Soon, artificial lung that works with air rather than pure oxygen!Published On: Tue, Jul 26th, 2011 | Synthetic Biology | By BioNews
Researchers at Case Western Reserve University in Cleveland have designed an artificial lung that uses air instead of pure oxygen as the ventilating gas, as is the case with current man-made lungs, which require heavy tanks of oxygen.
It might be still years away to be used in humans, but the device is a major step toward creating an easily portable and implantable artificial lung, said lead reearcher Joe Potkay, a research assistant professor in electrical engineering and computer science at Case Western Reserve University.
The device could come in at just 6x6x4 inches, which is roughly the volume of the real human lung, meaning it could conceivably pave the way for implantable artificial lungs.
Potkay and his co-authors built the prototype device by following the natural lung”s design and tiny dimensions. The artificial lung is filled with breathable silicone rubber versions of blood vessels that branch down to a diameter less than one-fourth the diameter of human hair.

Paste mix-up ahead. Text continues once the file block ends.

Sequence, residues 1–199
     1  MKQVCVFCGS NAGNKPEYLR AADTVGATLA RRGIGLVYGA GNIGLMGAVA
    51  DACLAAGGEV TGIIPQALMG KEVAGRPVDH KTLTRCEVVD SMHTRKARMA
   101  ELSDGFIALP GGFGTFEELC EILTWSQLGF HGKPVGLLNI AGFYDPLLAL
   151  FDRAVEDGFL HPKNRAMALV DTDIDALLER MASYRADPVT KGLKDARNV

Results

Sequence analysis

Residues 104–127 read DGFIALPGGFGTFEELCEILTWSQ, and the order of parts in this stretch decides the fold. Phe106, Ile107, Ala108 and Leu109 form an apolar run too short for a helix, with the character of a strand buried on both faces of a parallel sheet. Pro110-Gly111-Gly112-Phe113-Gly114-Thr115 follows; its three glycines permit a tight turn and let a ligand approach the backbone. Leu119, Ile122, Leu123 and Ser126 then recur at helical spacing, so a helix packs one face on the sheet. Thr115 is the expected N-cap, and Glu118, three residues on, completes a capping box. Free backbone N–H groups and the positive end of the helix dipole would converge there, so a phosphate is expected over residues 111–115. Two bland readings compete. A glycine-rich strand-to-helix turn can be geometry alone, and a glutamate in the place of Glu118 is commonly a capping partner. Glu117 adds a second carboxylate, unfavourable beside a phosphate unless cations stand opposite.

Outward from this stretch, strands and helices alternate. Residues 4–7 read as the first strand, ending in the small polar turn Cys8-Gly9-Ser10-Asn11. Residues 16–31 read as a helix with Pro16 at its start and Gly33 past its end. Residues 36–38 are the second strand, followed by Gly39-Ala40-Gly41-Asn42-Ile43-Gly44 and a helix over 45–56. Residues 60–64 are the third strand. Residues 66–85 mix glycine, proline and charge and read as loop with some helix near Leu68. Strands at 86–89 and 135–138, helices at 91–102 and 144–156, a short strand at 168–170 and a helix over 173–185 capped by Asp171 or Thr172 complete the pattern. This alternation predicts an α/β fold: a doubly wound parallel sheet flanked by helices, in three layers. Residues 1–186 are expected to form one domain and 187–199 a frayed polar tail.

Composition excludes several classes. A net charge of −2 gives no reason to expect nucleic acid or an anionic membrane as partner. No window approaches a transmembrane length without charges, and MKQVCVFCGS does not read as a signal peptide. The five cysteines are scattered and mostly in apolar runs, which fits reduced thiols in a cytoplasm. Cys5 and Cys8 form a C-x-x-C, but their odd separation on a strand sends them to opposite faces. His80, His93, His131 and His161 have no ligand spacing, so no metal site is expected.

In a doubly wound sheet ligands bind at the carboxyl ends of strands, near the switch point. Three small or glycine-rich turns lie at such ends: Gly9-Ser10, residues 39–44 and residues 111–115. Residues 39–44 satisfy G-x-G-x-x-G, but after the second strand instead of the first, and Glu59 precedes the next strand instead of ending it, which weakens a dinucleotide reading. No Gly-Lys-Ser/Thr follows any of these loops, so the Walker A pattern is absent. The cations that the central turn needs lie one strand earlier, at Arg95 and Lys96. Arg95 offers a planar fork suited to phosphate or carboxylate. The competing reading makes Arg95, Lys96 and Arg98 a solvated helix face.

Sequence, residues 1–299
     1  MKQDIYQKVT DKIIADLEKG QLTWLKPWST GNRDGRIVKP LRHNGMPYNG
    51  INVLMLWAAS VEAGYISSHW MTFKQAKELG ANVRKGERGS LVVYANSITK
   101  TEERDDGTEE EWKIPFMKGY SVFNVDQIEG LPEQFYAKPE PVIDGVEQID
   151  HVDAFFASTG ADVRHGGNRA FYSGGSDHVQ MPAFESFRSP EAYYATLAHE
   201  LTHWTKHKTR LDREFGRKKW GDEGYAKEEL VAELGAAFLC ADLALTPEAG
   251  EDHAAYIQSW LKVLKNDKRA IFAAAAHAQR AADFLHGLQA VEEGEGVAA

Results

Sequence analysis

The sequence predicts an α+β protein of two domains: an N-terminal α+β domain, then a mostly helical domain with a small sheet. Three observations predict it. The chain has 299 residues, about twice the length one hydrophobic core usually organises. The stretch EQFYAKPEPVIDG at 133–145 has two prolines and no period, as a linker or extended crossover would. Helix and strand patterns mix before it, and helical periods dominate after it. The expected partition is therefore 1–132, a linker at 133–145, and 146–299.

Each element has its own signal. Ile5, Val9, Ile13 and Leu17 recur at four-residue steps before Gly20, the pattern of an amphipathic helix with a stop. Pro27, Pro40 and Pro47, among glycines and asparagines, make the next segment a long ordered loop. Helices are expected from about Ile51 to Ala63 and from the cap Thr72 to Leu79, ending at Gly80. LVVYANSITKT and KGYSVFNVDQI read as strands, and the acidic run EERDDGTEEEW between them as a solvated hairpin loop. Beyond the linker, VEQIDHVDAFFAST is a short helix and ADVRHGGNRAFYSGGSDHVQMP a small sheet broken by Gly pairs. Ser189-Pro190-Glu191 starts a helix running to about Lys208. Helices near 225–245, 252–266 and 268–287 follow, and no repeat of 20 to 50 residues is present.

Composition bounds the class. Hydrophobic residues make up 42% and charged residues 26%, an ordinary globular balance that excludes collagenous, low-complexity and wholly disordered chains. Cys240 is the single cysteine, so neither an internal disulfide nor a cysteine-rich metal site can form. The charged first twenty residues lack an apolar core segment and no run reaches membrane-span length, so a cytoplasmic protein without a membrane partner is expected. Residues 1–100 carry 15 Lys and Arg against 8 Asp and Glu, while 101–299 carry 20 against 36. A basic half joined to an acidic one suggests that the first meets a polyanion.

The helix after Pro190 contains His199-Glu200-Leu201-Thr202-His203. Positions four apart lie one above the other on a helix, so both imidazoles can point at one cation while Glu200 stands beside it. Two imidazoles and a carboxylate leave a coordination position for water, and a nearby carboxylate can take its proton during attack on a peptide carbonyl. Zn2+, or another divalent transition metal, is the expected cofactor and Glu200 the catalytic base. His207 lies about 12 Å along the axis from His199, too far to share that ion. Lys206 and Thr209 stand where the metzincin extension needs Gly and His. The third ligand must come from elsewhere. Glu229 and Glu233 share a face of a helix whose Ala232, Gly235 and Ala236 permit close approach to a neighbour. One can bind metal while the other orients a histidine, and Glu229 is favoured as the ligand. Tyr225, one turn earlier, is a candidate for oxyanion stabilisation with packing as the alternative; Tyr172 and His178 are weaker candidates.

Current artificial lung systems require heavy tanks of oxygen, limiting their portability. Due to their inefficient oxygen exchange, they can be used only on patients at rest, and not while active. And, the lifetime of the system is measured in days.
Potkay estimates that based on current performance the unit could be powered by the heart instead of a mechanical pump.
The Cleveland researchers focused first on improving efficiency and portability.
They built a mould with miniature features and then layered on a liquid silicone rubber that solidified into artificial capillaries and alveoli, and separated the air and blood channels with a gas diffusion membrane.
By making the parts on the same scale as the natural lung, the team was able to create a very large surface-area-to-volume ratio and shrink the distances for gas diffusion compared to the current state of the art.
Tests using pig blood show oxygen exchange efficiency is three to five times better, which enables them to use plain air instead of pure oxygen as the ventilating gas.
The team anticipates testing human artificial lungs in clinical trials within a decade.
The device and research are described in the journal Lab on a Chip.